It just never ends for "Today."
It has been nearly a month since a savage New York magazine article laid bare just how poisonous the atmosphere at the show was. Now, New York Times reporter Brian Stelter has released the first excerpt of his book on the morning show wars, "Top of The Morning." The excerpt will run in Sunday's New York Times magazine.
To say that Stelter's excerpt will cause headaches at 30 Rock is to put things mildly. The excerpt does not do much to radically alter the known narrative about what happened, but, in his telling, everyone's dislike and distrust for each other went much deeper than has previously been reported. For instance, he writes that Lauer—who, yet again, is placed at the heart of the decision to oust Curry—told a production assistant, “I can’t believe I am sitting next to this woman.” (Lauer denied this.)
In August of 2011, then-executive producer Jim Bell gave a statement to The Huffington Post saying that everything was fantastic on his show, and praising Curry to the skies.
"It says a lot about the strength of the entire team at 'Today' that we have had another smooth, seamless anchor transition," he said. "We all knew that Ann was the perfect choice."
Privately, Stelter writes, he had already called Curry's elevation a "mistake." Eventually, he became determined to oust her.
Stelter writes that, after someone told Bell that firing Curry would be like "killing Bambi," Bell gave the plan the name "Operation Bambi."
He also makes clear how miserable Curry was:
Many executives at the network never grasped how profoundly hurt and humiliated Curry remained ... she told friends that her final months were a form of professional torture. The growing indifference of [Lauer] had hurt the most, but there was also just a general meanness on set. At one point, the executive producer, Jim Bell, commissioned a blooper reel of Curry’s worst on-air mistakes ... One staff person recalled that “a lot of time in the control room was spent making fun of Ann’s outfit choices or just generally messing with her.”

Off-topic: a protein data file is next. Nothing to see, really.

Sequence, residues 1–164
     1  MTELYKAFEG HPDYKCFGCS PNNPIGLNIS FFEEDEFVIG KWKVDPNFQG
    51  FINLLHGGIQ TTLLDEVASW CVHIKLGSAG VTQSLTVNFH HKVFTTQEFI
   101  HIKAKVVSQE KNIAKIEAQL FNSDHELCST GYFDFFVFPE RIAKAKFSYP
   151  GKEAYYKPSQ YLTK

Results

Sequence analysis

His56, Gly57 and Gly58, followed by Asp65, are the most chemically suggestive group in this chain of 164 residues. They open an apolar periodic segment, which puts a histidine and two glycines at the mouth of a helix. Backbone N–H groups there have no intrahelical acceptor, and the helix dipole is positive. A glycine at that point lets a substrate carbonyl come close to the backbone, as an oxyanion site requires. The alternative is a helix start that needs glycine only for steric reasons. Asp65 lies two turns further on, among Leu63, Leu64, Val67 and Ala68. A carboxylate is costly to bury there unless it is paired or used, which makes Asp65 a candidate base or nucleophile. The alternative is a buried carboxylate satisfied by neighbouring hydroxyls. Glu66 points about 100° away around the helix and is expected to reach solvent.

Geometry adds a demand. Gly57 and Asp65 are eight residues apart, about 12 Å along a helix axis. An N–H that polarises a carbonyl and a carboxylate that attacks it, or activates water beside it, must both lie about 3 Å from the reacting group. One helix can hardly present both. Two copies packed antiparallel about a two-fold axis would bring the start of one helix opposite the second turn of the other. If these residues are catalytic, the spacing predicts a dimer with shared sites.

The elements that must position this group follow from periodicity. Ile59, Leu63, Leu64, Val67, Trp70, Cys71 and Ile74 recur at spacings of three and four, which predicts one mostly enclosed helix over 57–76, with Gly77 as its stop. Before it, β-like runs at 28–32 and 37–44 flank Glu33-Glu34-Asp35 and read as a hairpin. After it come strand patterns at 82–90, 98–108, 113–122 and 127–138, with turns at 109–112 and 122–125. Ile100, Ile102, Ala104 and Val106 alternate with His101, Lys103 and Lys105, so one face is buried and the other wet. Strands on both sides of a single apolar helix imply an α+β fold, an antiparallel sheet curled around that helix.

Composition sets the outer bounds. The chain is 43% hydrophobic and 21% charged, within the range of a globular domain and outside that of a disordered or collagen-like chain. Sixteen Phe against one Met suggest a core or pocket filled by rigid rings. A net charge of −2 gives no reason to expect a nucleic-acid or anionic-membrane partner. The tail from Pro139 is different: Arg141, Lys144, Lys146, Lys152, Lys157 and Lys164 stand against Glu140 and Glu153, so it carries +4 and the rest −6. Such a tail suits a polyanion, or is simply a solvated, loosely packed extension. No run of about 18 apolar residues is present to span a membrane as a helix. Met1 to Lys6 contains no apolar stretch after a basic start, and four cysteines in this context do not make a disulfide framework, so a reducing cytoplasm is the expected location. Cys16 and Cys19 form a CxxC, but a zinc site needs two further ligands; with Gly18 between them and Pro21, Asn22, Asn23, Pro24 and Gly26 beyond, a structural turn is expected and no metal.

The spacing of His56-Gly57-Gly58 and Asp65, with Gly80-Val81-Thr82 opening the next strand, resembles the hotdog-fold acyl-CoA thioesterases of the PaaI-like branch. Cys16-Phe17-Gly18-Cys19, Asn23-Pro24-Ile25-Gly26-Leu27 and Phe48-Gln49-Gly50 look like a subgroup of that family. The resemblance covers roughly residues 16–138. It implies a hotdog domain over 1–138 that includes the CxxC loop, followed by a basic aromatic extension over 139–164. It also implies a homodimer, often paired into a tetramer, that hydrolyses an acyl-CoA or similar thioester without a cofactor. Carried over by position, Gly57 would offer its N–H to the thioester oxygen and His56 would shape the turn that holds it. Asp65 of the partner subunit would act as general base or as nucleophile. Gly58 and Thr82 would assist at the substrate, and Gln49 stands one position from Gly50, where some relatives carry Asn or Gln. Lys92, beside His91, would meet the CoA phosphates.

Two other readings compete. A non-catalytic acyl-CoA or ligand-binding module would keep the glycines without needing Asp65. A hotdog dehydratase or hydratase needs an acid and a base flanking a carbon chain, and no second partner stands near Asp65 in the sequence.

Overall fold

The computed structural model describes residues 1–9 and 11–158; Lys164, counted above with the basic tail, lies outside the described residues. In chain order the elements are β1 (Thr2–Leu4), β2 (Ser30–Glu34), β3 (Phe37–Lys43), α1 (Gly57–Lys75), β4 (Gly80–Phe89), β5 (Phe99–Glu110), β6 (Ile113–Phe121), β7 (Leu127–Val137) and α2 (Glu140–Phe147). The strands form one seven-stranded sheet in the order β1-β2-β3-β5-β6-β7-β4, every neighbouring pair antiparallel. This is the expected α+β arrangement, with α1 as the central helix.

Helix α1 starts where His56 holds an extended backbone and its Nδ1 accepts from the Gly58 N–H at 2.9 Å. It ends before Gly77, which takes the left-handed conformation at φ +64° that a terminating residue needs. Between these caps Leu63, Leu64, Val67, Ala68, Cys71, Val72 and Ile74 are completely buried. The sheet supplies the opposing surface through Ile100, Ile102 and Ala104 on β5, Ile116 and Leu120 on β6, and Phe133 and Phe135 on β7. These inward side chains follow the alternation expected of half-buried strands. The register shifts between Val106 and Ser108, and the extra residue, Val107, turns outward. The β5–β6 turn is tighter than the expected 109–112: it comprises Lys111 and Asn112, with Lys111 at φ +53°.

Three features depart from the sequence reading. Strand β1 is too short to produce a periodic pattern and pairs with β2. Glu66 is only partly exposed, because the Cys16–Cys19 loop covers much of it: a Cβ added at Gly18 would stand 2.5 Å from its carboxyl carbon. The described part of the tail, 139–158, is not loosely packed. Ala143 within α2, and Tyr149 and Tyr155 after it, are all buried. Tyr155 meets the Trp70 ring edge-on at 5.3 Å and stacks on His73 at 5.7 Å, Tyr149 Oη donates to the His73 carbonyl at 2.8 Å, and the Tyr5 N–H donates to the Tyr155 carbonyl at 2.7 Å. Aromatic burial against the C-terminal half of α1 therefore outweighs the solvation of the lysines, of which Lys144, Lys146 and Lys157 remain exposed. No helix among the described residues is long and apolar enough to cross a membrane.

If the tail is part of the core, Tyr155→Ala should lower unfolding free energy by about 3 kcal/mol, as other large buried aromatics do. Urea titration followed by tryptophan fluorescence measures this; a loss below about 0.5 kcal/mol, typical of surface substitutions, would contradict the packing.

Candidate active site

The biggest problem, judging from the excerpt, appeared to be total dysfunction at the top. As Stelter writes—and as others, including New York's Joe Hagan, have also reported—NBC News chief Steve Capus loathed "Today" chief Jim Bell. Both were trying to jockey for position with NBCUniversal chief Steve Burke. Capus was loyal to Curry. Bell thought she was ruining the show.
Eventually, of course, Curry was let go. She has barely been seen on the air since.
"Today" is currently in the midst of an overhaul. It has rejiggered its anchor seating, changed its theme music, and pledged to be more "uplifting." It has two new bosses, Alexandra Wallace and Don Nash. NBC News will soon have a new president. It has tried, somewhat in vain, to do damage control. The show has been beating "Good Morning America" in the coveted demo from time to time. But it still remains to be seen when it will be able to get over Curry.
Reached for comment, a spokesperson for "Today" told The Huffington Post, "We are focused on covering several major news stories this week and producing the best show we can for our viewers, not on year-old gossip."
To read the full excerpt, click here.